Journal: Transactions of the American Foundrymen's Society V 67 P 553-576, 1959 (24 p)
Author: Cowles, R J
The difficulty of poor collapsibility, predominate
as a limitation in the sodium silicate-C02 method of
sand bonding, is obviated by establishing simple laboratory test methods to determine an optimum quantity
of sodium silicate binder. This is designated as the
minimum critical percentage for each sand considered.
Additives such as sugar, coarse grain silica flour and
iron oxide, properly used, contribute to the flowability,
ramming qualities and green strength and enhance collapsibility as well as provide hot strength and cushion
ing during thermal changes.
The binder requirements should be developed on the
hypothesis of adhesive bonding rather than on the
basis of a mortar composition, which fills voids between
the grains. Adhesive binders are most effective in thin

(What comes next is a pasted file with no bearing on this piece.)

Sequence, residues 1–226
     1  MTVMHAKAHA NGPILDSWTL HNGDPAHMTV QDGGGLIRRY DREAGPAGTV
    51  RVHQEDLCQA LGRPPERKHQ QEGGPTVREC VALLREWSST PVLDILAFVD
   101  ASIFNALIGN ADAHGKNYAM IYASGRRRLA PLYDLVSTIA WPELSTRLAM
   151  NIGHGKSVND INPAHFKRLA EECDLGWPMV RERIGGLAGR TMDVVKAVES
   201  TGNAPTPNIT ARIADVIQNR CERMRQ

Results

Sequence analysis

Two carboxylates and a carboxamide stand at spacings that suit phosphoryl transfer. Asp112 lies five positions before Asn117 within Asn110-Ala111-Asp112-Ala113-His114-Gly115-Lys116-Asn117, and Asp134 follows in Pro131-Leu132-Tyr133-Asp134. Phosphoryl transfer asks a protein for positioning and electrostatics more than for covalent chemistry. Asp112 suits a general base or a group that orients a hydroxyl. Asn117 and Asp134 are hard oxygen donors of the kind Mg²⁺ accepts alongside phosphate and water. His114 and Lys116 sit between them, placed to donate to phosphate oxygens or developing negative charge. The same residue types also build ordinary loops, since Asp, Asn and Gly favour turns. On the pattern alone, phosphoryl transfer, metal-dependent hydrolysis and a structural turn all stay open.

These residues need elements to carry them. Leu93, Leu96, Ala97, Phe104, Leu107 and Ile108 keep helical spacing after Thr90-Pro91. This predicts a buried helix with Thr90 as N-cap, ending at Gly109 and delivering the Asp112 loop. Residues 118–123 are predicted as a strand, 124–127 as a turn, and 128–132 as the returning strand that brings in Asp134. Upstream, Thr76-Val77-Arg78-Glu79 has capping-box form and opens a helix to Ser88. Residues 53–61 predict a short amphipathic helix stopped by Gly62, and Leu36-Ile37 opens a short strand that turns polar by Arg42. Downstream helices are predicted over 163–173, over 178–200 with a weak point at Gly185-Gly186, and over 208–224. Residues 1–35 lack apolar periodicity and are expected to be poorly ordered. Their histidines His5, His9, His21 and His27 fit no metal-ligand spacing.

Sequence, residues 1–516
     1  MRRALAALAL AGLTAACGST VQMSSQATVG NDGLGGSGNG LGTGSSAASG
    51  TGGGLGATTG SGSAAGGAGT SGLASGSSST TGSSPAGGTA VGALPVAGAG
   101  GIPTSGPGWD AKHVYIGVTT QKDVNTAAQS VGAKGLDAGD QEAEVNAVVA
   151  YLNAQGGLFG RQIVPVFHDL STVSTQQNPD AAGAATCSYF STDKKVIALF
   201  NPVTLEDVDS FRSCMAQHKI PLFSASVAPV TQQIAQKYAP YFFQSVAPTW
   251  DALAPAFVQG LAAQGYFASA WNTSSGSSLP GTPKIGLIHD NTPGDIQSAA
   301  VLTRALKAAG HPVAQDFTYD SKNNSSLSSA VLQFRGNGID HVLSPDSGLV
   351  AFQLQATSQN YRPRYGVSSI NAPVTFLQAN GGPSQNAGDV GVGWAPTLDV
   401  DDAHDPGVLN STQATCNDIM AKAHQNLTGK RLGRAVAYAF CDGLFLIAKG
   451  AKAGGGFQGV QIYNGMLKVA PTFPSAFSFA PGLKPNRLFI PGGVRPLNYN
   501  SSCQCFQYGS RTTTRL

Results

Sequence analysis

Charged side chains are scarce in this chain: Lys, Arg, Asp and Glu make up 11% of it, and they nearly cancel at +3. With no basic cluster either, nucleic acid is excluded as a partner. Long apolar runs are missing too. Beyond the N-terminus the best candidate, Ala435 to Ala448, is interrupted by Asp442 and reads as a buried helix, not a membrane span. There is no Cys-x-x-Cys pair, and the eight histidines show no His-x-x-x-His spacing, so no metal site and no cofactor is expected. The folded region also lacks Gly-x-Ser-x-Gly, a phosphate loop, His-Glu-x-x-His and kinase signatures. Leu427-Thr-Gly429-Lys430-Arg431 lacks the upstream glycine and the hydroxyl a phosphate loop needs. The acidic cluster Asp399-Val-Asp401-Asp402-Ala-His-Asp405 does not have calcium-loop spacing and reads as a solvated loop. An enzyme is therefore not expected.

films and with the greatest number of sand grain to
grain adhesive contacts uniformly distributed in the
sand structure. The viscosity and penetrating qualities
of the binder composition determine the degree of correlation that binder requirements have to B.E.T.
specific area measurements.
The B.E.T. data can be used to designate those sands
which will need more or less binder than their AFS
fineness number indicates. A straight line correlation
between minimum critical percentage and a dimension
al parameter calculated from AFS fineness data, shape
factors, ratio multipliers and specific volume ratios
raised to the fourth power is given.
The limitations due to high relative humidity and the
use of clay additives are discussed. Experimental data,
as well as numerous references, are used to support
$15.00 for members
$10.00 for corporate members
$30.00 for nonmembers
1695 North Penny Lane
Schaumburg, IL 60173
Tel: 800.537.4237, 847.824.0181